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OSFC update on energy efficiency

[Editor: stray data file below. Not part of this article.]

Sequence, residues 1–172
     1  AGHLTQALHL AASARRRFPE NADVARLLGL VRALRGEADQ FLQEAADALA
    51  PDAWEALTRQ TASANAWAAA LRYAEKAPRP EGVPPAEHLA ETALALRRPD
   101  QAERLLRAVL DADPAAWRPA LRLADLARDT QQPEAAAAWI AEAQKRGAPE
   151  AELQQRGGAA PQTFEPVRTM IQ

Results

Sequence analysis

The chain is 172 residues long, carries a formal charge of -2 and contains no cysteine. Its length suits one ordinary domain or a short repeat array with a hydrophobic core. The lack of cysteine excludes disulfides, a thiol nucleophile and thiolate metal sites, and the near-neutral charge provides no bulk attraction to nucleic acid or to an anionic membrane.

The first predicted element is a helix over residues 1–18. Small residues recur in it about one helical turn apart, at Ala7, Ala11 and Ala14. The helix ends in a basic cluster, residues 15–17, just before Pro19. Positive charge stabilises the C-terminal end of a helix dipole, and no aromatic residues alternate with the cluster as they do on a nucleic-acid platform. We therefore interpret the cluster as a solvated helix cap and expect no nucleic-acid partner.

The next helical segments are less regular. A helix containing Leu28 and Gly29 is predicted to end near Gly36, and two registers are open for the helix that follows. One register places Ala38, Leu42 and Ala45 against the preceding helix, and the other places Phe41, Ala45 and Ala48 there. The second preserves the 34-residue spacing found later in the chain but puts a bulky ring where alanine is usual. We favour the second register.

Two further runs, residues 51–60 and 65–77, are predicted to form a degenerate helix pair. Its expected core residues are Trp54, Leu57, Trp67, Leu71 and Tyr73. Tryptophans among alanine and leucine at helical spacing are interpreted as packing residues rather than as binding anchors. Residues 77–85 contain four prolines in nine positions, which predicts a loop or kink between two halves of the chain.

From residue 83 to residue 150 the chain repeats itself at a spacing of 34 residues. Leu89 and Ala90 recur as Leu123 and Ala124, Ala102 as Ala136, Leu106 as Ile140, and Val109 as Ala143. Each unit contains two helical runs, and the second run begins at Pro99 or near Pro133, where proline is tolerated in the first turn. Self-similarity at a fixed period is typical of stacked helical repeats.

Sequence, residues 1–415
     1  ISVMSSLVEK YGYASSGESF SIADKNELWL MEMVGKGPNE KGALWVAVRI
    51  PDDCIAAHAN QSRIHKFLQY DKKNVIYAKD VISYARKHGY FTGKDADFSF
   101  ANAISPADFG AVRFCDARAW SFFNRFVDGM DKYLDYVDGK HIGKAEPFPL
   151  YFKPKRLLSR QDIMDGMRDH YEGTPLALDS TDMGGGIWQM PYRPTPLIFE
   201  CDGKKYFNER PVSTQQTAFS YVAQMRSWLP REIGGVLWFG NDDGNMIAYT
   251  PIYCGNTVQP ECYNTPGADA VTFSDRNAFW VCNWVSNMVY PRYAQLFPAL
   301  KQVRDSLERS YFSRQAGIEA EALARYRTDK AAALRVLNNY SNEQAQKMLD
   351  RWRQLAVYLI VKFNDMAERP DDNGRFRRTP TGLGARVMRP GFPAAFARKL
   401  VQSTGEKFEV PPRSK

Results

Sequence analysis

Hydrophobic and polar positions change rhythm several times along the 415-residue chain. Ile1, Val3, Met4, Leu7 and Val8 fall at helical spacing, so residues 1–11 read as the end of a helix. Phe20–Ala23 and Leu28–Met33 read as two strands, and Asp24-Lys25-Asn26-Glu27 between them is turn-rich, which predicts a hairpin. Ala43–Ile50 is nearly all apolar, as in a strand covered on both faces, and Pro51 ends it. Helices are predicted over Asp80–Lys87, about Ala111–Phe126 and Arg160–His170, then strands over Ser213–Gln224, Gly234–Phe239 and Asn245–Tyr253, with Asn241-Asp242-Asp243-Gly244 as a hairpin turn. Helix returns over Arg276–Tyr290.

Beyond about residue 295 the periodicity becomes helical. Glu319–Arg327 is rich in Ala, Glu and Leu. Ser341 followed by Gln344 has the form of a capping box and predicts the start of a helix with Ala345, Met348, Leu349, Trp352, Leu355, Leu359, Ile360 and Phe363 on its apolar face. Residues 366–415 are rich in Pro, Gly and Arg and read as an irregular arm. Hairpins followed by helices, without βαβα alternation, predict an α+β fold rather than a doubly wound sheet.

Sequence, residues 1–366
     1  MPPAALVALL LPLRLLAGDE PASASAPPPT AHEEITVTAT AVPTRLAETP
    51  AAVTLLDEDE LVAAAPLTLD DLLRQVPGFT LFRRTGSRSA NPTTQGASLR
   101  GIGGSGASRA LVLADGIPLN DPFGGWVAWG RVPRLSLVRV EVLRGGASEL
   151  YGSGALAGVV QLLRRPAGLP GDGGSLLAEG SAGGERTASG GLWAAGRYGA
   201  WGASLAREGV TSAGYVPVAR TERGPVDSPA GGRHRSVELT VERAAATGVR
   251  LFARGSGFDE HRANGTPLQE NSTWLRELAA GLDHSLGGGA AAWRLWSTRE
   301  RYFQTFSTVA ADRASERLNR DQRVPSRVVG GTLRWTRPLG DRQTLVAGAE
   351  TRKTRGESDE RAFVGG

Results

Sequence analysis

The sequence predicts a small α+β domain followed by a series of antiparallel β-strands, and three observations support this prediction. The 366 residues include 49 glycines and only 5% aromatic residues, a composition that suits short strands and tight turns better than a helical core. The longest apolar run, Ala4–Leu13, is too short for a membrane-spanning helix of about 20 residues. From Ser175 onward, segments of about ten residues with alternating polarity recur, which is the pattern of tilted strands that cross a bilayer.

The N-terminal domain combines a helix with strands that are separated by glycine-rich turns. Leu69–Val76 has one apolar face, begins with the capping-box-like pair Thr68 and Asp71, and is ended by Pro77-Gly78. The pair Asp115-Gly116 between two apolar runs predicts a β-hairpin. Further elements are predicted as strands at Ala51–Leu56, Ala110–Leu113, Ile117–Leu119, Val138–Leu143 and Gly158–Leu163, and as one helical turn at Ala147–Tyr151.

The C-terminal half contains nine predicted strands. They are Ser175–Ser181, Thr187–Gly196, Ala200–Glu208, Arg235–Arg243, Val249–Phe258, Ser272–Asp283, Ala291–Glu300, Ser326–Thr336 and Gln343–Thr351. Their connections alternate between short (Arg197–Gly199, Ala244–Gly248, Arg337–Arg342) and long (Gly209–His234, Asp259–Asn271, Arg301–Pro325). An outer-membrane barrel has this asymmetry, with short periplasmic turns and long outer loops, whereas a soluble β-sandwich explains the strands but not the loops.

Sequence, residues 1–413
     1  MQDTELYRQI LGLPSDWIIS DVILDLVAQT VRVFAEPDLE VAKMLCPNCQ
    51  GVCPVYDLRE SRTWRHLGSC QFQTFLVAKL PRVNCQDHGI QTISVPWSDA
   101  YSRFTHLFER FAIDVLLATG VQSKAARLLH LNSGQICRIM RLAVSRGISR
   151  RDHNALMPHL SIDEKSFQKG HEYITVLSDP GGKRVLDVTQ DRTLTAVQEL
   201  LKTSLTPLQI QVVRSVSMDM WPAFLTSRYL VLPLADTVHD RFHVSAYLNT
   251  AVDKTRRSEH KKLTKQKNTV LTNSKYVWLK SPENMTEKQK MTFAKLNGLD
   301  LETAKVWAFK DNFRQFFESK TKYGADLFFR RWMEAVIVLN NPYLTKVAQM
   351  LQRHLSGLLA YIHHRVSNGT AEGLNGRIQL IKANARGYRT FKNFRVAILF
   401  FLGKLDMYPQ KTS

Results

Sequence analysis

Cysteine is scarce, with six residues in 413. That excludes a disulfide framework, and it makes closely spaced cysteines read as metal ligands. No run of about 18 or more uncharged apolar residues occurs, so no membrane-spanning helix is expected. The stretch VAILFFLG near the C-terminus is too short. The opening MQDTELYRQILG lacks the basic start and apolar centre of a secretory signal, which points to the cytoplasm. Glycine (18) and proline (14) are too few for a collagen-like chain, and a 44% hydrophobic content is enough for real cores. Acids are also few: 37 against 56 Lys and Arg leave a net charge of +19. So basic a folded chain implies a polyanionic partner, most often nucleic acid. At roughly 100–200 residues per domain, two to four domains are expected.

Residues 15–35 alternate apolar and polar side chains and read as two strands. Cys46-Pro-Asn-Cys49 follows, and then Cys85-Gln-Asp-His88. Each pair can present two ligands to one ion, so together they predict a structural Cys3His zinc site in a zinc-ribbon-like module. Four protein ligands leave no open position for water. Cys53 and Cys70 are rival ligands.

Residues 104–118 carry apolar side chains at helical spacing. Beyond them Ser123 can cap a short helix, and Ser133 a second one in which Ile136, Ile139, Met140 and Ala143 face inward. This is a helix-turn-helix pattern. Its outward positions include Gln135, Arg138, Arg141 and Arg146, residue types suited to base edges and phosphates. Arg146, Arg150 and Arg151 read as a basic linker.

The Ohio School Facilities Commission (OSFC) Thursday heard an update on an internal study to improve the commission’s energy efficiency program, also known as the HB264 program.Ramzi Najjar, the energy services manager at the Ohio Facilities Construction Commission, said the mission of the study was to improve the review and recommendation process for projects that are brought to the OSFC by school districts and to see if any additional actions need to be taken by OSFC to strength the program. Under the program, school districts can make energy efficiency improvements to buildings, and then use the savings to pay for those improvements, as long as sufficient savings come within a 15-year period.  He said recommendations the study will likely make when completed include requiring performance-based contracts and energy guarantees from energy savings companies that propose improvements to districts.“We think this would really hold everybody accountable,” Najjar said. “Specifically, the energy service companies that are proposing [the savings].”The recommendations also include giving the commission discretion to consider the impact of a project on a district’s other OSFC programs. Najjar that comes from concerns the commission has had over the past few years, and noted situations where a district that has completed a construction program is initiating a HB264 program within a few years, and also noted questions about doing an HB264 project on a building that will likely be demolished within a few years under a construction program. Finally, he said a recommendation will include approvals for a district in fiscal or academic emergency.He noted other procedure changes they are still exploring, such as requiring the involvement of OSFC energy staff early in a project, saying the process can be improved when communication begins early. Another possible change would be to limit the inclusion of deferred maintenance items to make sure it doesn’t deviate from the intent of finding energy saving measures, and not having school districts pass resolutions to approve an HB264 project until the OSFC review of that project is completed.The commission did not take any action on those proposals during Thursday’s meeting. In other action, the commission approved amendments and FY13 segmented projects in a number of school districts, including Columbus City Schools, Athens City Schools, Elyria City Schools, Pickerington Local Schools, and Ross Local Schools in Butler County. The OSFC also approved a revised policy for the commission’s segmented project program. David Chovan, chief operating officer for the commission, explained that the changes reduces the minimum segment size from 4 percent to 2 percent of a district’s tax valuation, prorates maintenance obligations to require only facilities under a segment project, and requires a new project agreement for subsequent segments rather than an amendment to a previous agreement. Many of the changes are in response to changes approved by the 129th General Assembly.
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